Ball Python, Iguana Found in Honolulu on Back-to-Back Days
The Honolulu Police Department captured a live ball python in a residential neighborhood in Aiea earlier this week.
A neighbor contacted HPD after noticing the snake on a nearby property at approximately 10 am Monday. Responding officers covered the three-foot-long snake with a trash can and contacted inspectors from the Hawai‘i Department of Agriculture (HDOA) who took custody of the animal. It was subsequently identified as a non-venomous ball python and is being safeguarded at HDOA’s Plant Quarantine Branch. The incident remains under investigation.
Ball pythons are common in the pet trade on the mainland. They are native to Western and West-Central Africa, and are constrictors that subdue prey by coiling around it, causing death by suffocation. Their diet usually consists of small mammals and birds. They may grow up to six feet long.
Snakes have no natural predators in Hawai‘i and pose a serious threat to the environment. Many species also prey on birds and their eggs, increasing the threat to endangered native species. Large snakes can also be a danger to small pets or even the general public.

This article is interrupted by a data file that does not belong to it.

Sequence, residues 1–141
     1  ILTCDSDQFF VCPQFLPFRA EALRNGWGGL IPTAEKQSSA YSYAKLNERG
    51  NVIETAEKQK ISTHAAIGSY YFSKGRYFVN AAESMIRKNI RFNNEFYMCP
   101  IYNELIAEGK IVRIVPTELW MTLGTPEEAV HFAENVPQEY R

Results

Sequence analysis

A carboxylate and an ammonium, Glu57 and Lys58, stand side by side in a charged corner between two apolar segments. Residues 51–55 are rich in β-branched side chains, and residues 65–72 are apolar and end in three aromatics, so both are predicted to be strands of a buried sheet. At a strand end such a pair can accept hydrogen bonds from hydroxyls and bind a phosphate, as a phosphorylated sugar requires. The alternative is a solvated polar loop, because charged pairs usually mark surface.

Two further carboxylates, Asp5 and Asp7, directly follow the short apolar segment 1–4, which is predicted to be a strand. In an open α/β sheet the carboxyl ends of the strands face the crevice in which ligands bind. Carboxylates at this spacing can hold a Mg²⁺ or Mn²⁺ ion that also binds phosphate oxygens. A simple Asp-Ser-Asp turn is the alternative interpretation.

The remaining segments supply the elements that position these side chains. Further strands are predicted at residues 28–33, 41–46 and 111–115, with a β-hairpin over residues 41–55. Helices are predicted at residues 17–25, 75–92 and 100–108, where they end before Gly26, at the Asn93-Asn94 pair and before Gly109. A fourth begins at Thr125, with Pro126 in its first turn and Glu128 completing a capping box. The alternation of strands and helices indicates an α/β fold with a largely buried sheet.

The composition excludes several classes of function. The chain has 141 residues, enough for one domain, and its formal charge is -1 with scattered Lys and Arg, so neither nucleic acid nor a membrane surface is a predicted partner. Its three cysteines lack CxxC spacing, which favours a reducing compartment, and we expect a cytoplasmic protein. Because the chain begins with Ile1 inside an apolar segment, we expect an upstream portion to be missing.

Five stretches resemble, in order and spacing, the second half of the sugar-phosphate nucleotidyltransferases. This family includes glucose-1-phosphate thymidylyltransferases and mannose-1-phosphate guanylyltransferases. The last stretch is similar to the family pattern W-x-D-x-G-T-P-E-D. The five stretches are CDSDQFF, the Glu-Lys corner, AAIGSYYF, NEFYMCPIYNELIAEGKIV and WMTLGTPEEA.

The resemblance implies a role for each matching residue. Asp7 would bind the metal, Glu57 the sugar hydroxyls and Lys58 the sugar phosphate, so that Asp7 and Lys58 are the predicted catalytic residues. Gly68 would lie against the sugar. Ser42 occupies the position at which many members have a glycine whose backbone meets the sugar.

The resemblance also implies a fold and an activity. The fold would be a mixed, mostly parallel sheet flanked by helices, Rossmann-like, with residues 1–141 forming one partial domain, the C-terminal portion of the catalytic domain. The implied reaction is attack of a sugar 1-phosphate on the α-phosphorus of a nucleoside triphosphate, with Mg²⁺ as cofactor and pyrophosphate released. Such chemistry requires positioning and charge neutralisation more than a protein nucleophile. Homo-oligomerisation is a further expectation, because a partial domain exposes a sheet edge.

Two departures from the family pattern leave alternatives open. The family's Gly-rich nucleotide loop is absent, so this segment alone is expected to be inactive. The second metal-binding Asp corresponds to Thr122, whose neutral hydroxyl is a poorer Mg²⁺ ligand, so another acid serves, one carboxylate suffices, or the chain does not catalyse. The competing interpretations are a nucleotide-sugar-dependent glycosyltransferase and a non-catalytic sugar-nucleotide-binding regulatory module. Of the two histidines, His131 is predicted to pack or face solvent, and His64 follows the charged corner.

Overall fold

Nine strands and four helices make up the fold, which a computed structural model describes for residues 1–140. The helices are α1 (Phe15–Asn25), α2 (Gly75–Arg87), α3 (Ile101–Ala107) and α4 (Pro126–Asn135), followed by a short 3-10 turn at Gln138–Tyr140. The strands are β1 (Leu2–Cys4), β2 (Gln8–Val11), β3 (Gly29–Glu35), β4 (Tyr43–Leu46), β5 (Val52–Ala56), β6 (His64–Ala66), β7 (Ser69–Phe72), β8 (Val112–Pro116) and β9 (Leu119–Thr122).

The ball python wasn’t the only unwelcome reptilian visitor to Honolulu this week.
On Tuesday afternoon, a Waimanalo woman who lives on Kumuhau Street contacted HPD to report an iguana in her backyard. Responding officers were able to contain the animal and called HDOA inspectors who safely secured it.
The iguana measured approximately three-and-a-half feet from its nose to the tip of its tail. Like the ball python, the animal is also being safeguarded at PQB. Although iguanas are known to be established in some areas on O‘ahu, it is illegal to import, possess or transport iguanas in the islands.
When fully grown, iguanas may reach up to six feet in length. Their tails are quite powerful, acting as dangerous weapons in fending off enemies. Iguanas are native to central Mexico and South America, and are typically vegetarians but are also known to disturb bird nestlings and feed on eggs.
Persons possessing illegal animals are subject to severe penalties, including fines of up to $200,000 and up to three years in prison. Individuals who see or know of illegal animals in Hawai‘i are encouraged to contact the State’s toll-free PEST HOTLINE at 643-PEST (7378) or turn the animals in under the State’s Amnesty Program.